Source: perkins.org

Under the Microscope: A Magnified Look Into Today’s Assistive Technology for the Visually Impaired

In the last decade, first-of-their-kind technological innovations have taken the world by storm, leaving devices like the Apple iPad, Kindle Paperwhite, and Amazon Alexa in their wake. Though technology has gained a reputation for changing the way we consume media, schedule our doctor’s appointments, and power our homes, technology’s hidden superpower is its ability to bring equality to any space through assistive technology for the visually impaired.

For those unfamiliar, assistive technologies allow individuals with varying disabilities to access information, accomplish tasks, effectively communicate, and so much more. There is a myriad of high-tech devices to support people experiencing blindness or suffering from visual impairments. These gizmos and gadgets come in every price range, from entirely free to over $15,000, and feature interfaces with a wide variety of systems.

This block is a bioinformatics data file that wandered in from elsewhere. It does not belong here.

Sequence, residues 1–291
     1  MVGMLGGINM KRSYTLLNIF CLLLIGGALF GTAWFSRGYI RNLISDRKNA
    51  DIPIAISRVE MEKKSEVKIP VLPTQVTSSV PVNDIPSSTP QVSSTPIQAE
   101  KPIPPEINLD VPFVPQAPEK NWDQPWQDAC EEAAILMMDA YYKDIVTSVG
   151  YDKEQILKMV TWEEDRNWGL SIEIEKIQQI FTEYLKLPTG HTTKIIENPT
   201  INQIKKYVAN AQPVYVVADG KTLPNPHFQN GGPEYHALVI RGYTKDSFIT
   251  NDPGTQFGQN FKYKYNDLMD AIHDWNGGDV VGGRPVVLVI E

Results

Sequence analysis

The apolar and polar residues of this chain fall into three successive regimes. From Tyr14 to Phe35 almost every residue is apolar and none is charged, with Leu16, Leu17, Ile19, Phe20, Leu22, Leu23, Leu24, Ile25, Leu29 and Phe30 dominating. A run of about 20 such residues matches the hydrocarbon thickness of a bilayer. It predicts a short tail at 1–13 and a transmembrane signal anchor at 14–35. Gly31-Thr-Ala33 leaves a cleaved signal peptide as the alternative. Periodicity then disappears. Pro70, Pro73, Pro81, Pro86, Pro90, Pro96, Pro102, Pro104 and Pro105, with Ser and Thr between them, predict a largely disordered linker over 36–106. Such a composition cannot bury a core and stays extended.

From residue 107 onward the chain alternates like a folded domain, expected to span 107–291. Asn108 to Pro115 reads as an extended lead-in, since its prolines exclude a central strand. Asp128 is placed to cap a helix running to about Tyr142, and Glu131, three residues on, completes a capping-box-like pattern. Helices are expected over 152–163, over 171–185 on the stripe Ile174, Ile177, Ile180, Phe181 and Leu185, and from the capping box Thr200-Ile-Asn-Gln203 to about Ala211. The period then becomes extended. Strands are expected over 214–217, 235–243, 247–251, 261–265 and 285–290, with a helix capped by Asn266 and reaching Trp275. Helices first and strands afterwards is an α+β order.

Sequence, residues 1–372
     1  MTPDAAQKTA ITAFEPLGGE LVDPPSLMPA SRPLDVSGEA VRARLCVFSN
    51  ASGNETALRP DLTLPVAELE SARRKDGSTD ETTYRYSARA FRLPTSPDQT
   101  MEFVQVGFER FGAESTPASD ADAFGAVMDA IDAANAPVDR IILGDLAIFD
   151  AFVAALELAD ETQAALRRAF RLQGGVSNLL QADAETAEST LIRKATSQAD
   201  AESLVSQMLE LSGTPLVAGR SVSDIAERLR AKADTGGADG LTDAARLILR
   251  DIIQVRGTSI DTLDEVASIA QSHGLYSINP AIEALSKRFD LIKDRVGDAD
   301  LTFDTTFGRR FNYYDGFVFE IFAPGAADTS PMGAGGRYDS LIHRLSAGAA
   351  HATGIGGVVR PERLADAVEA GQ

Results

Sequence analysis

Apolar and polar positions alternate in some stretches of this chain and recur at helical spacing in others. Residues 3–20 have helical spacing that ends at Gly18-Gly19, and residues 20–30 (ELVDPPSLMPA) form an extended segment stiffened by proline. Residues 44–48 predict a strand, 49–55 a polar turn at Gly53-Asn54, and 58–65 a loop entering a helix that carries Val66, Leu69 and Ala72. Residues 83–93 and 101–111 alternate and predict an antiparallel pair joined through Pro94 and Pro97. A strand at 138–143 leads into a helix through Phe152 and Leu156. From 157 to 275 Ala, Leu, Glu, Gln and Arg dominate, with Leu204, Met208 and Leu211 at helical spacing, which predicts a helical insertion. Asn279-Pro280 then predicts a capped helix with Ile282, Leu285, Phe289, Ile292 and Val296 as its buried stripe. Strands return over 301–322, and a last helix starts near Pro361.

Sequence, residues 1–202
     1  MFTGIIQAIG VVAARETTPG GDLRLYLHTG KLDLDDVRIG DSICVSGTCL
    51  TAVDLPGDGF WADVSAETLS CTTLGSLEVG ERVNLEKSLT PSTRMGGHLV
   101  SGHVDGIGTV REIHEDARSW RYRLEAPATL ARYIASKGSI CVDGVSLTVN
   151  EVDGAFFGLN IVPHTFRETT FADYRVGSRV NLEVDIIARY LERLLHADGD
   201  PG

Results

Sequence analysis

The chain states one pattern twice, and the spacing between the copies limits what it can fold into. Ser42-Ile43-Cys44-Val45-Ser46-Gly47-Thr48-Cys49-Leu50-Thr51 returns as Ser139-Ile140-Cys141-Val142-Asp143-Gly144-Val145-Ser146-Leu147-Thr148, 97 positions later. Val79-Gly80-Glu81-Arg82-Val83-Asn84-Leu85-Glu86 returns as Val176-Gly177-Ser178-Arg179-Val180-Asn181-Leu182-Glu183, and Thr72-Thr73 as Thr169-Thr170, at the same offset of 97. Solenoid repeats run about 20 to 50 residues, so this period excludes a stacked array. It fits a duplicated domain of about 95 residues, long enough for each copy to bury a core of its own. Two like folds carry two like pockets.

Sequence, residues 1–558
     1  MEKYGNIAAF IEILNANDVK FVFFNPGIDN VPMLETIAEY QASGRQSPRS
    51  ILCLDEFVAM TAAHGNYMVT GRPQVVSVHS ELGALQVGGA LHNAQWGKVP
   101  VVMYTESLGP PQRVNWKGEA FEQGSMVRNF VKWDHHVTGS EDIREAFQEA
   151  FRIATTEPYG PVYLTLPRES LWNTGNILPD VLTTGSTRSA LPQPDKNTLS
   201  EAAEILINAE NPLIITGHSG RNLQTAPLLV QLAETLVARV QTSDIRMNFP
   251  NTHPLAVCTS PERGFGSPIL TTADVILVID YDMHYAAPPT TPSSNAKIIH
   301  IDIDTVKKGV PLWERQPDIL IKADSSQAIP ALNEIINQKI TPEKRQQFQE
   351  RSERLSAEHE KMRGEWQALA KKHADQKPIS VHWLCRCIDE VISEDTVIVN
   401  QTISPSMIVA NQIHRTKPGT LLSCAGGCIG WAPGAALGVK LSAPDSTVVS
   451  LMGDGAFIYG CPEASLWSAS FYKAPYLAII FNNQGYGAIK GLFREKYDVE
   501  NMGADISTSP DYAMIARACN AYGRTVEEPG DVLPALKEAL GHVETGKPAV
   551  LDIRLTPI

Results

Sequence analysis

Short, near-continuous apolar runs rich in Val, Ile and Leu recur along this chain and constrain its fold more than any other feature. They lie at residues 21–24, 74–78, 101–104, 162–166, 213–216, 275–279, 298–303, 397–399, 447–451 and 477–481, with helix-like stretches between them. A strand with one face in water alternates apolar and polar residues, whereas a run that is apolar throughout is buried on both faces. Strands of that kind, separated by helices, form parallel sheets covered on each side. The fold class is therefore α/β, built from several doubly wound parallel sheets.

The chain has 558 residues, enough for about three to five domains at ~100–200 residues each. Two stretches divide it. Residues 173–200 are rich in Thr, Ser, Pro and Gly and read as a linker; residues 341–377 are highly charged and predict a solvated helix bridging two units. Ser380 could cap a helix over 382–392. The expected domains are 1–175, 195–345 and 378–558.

Whether you are looking for a smartphone app or a full-featured screen reader with a refreshable braille display, here is the information you’ll need to navigate the modern world of assistive technology.

Senior-friendly smartphones

Source: freepik.com

One of the most readily available pieces of assistive technology on the market are smartphones designed specifically for seniors. Smartphones like the Lively Smart from Lively Direct come equipped with many accessibility features, including easy-to-see buttons and large screens. The in-phone navigation system is simple and user-friendly, and there are even voice dialing capabilities available.

Most smartphones for seniors have accessibility features designed to assist individuals with visibility impairments. With a senior-friendly smartphone in hand, elderly folks will be able to read formerly indecipherable text and click enlarged buttons with ease. Some models geared towards elderly users even boast hearing aid compatibility, so those who have hearing loss can still communicate via cell phone.

For those with deteriorating vision, try to remember the 20-20-20 rule for using technology like smartphones. Even when using a senior-friendly smartphone, people should look at an object 20 feet away for 20 seconds every 20 minutes to help protect their eyes and prevent further damage.

Assistive applications

Source: freepik.com